My comments:  This is the only economics article I regularly read. Written by Kevin Hecht, MNAA, CDEI, ChE Chartered Economist®, AQB Certified USPAP Instructor. Kevin has been a real estate appraiser since 1987 and holds a Certified Residential appraiser license in Missouri.

As a McKissock instructor, Kevin specializes in market analysis, USPAP, and real estate economics. In addition to being an appraiser, Kevin is an Adjunct Professor of Economics at Maryville University.

I had never taken an economics class until I took one as a prerequisite for my MBA classes in 1980. It was not my favorite topic, but I learned to understand the concepts. This is very important for all appraisers.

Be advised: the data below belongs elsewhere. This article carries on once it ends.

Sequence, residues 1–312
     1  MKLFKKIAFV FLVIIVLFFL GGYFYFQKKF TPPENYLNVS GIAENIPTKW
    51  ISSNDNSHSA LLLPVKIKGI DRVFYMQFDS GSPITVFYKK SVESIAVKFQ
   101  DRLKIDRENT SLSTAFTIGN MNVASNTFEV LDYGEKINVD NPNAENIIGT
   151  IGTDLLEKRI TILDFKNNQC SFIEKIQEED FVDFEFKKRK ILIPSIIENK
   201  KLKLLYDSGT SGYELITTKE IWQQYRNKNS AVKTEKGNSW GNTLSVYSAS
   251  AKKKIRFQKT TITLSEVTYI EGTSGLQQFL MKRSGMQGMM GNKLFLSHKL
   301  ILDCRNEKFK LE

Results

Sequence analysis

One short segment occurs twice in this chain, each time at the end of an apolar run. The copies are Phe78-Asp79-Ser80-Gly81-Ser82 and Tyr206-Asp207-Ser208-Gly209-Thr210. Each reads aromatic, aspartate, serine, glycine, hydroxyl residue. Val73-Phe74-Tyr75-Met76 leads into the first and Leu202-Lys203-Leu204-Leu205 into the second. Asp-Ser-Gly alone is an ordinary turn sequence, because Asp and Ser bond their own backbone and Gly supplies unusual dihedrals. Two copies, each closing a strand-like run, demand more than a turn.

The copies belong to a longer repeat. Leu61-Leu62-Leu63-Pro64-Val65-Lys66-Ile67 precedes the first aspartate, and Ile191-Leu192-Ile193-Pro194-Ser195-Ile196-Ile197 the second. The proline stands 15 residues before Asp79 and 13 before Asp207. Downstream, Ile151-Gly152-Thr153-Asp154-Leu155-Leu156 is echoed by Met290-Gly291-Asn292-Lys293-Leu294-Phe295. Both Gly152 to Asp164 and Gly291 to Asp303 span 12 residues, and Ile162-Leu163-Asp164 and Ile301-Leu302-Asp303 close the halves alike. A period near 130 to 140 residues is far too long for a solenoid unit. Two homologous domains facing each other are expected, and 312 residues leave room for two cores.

Fannie Mae Selling and Servicing Notice May 8, 2024
Regarding Recent Clarifications of Lender and Servicer Responsibilities Related to Property Insurance

Excerpts: In February 2024, we issued Selling Guide Announcement SEL-2024-01 and Servicing Guide Announcement SVC-2024-01 to clarify various existing lender and servicer responsibilities related to monitoring and verifying property insurance coverage.

The clarifications were made to long-standing policies in our Guides intended to ensure the borrower has sufficient property insurance coverage in the event of a loss, and the February announcements did not change these policies. Among other things, we removed coinsurance requirements and reinforced the requirement to obtain the replacement cost value and confirm the policy provides for replacement cost coverage. The June 1, 2024 effective date was intended to provide advance notice to accommodate lenders’ and servicers’ internal governance processes.